While many parts of the world have gradually begun easing lockdown restrictions, there is a growing interest to better understand the impact of measures to combat the spread of Covid-19 in Sub-Saharan Africa. Despite numerous warnings of impending doom, the African continent has not witnessed the calamity of “biblical dimensions” that some had initially feared. This has given rise to doubts of the somewhat uncritical application of universal blueprints on social distancing and lockdowns without due consideration to the challenges posed by an informal economy and densely populated and intensely poor local settings. An effective quarantine requires major behavioural changes in the population, including sacrifices that are difficult if not impossible in many societies.
Is it possible to stay at home when one risks losing one’s daily wage? When one does not have any savings to tide over an extended period of unemployment? When health services are severely limited or may not exist at all? Recent media reports have warned of rising global food insecurity. The need to purchase food items daily becomes all the more important in the absence of a refrigerator at home. And hawkers and street vendors who operate in informal market settings risk losing their livelihoods.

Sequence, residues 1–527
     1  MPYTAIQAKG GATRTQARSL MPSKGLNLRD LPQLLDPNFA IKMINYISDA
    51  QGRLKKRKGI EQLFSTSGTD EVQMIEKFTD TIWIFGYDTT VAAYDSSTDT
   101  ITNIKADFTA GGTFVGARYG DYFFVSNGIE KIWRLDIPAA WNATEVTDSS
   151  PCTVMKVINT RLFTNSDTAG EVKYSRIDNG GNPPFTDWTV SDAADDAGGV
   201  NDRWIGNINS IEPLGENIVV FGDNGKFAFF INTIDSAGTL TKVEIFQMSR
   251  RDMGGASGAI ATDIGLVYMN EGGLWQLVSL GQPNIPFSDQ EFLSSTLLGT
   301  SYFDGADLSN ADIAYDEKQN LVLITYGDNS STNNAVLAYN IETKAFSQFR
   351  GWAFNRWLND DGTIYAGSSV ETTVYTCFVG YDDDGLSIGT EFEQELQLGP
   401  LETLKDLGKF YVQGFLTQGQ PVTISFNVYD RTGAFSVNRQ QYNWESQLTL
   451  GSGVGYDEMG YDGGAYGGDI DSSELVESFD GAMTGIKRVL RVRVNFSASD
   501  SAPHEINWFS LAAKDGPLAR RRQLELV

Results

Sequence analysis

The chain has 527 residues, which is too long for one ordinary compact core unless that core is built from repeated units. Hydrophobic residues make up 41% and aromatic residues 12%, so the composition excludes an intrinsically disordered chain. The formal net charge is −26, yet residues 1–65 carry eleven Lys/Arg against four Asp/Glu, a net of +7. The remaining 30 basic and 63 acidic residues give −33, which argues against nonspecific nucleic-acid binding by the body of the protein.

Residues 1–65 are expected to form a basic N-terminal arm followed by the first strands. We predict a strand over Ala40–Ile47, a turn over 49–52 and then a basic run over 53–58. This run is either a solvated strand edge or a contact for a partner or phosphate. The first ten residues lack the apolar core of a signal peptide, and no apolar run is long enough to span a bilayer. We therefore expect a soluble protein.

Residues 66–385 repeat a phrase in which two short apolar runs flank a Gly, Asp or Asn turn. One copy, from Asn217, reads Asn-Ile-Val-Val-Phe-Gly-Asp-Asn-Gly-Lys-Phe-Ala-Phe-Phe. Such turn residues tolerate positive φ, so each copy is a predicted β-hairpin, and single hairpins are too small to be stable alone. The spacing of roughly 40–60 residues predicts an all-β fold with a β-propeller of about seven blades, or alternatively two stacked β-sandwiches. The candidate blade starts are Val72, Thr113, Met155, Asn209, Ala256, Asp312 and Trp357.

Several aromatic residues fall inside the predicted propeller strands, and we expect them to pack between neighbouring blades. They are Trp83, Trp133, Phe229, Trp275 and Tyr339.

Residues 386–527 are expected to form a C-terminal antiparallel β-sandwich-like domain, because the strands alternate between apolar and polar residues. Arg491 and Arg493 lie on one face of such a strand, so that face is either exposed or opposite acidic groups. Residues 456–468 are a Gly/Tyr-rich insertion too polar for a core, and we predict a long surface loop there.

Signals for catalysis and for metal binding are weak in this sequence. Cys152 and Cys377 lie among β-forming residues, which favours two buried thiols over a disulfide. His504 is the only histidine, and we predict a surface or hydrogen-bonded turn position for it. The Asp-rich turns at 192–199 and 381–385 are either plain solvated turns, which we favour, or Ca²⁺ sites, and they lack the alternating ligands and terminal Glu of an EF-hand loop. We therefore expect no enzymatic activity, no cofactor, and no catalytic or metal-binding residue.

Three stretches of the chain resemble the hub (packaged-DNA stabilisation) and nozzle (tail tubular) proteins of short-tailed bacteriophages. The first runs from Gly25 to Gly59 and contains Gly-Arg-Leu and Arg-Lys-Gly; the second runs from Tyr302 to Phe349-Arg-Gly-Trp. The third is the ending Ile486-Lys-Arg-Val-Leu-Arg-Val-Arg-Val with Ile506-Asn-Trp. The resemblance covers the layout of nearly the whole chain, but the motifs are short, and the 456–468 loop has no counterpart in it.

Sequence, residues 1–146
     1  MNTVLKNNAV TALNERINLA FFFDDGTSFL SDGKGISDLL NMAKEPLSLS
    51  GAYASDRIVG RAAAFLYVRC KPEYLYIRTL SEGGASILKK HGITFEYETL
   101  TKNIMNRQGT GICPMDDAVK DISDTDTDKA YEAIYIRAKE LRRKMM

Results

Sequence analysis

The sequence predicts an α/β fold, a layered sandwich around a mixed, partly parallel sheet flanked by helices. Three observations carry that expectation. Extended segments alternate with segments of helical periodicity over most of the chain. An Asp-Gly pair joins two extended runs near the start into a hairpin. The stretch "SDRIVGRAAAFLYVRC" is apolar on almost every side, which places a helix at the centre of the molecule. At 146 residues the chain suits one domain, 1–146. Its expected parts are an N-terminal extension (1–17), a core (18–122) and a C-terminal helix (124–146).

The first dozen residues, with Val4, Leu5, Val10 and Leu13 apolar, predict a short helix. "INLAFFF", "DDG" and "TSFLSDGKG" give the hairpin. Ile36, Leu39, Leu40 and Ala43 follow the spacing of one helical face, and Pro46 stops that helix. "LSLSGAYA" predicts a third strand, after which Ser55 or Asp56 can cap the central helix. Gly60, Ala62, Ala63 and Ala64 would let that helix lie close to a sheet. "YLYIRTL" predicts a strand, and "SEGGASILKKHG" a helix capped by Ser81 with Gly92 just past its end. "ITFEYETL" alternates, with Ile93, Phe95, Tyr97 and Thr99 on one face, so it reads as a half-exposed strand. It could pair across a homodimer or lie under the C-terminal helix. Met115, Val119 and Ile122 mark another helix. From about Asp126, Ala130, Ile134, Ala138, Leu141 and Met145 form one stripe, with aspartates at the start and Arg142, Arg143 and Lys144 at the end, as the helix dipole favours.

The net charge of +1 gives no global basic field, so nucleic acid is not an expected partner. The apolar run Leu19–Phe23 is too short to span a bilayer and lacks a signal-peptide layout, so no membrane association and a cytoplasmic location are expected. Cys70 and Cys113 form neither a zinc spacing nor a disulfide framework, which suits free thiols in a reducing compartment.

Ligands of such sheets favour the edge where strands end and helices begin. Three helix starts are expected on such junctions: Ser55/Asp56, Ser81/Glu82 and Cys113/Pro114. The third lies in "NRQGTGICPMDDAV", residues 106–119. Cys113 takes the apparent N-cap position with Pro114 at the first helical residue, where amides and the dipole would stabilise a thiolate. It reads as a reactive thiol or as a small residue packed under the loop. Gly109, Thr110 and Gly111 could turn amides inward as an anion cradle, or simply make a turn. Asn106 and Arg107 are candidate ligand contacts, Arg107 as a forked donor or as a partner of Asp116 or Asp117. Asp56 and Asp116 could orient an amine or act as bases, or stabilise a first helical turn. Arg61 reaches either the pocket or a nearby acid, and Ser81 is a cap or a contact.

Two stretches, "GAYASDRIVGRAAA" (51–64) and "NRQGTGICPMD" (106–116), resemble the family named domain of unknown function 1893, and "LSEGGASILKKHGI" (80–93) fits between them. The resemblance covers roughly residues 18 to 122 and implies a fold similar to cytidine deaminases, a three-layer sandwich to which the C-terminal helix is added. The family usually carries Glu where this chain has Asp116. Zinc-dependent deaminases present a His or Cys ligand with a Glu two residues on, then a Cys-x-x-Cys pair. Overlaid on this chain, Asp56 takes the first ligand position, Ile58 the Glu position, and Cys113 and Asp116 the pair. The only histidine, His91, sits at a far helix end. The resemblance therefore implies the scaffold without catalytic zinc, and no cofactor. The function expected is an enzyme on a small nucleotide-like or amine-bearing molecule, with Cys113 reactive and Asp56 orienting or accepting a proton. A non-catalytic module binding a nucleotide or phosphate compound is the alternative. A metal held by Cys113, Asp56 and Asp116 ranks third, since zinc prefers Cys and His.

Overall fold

The viability of enforcing social distancing measures effectively in areas with high population density has also been questioned due to poverty and low standards of housing. Similarly, the advice of regular hand washing is more difficult to implement than it appears in the absence of regular water supply or the mechanisms for water distribution in communities that make it impossible to observe social distancing requirements.
In a recent piece, the Nairobi-based writer Nanjala Nyabola aptly described the frustration of many African citizens: “Africa is spoken for and spoken about, but so rarely allowed to speak, and this allows only a handful of narratives to survive”. Expressions of dissatisfaction with western remedies that are uncritically applied in local settings have been growing in the past few years. Covid-19 has provided African leaders an opportunity to join scholars, activists and journalists in challenging influential solutions advocated by the Global North in response to problems in for the Global South.
One particularly interesting development has been the efforts of President Andry Rajoelina of Madagascar to market Covid-Organics (CVO) – an organic herbal concoction – in the fight against Covid-19. Many African leaders have already ordered bulk samples of this remedy even as the World Health Organization (WHO) has warned that without clinical trials and proper approvals, CVO may be dangerous. President Rajoelina has claimed that “If it were a European country which had discovered this remedy, would there be so many doubts.” The WHO has now called for clinical trials of CVO. We are all anxiously waiting for the results.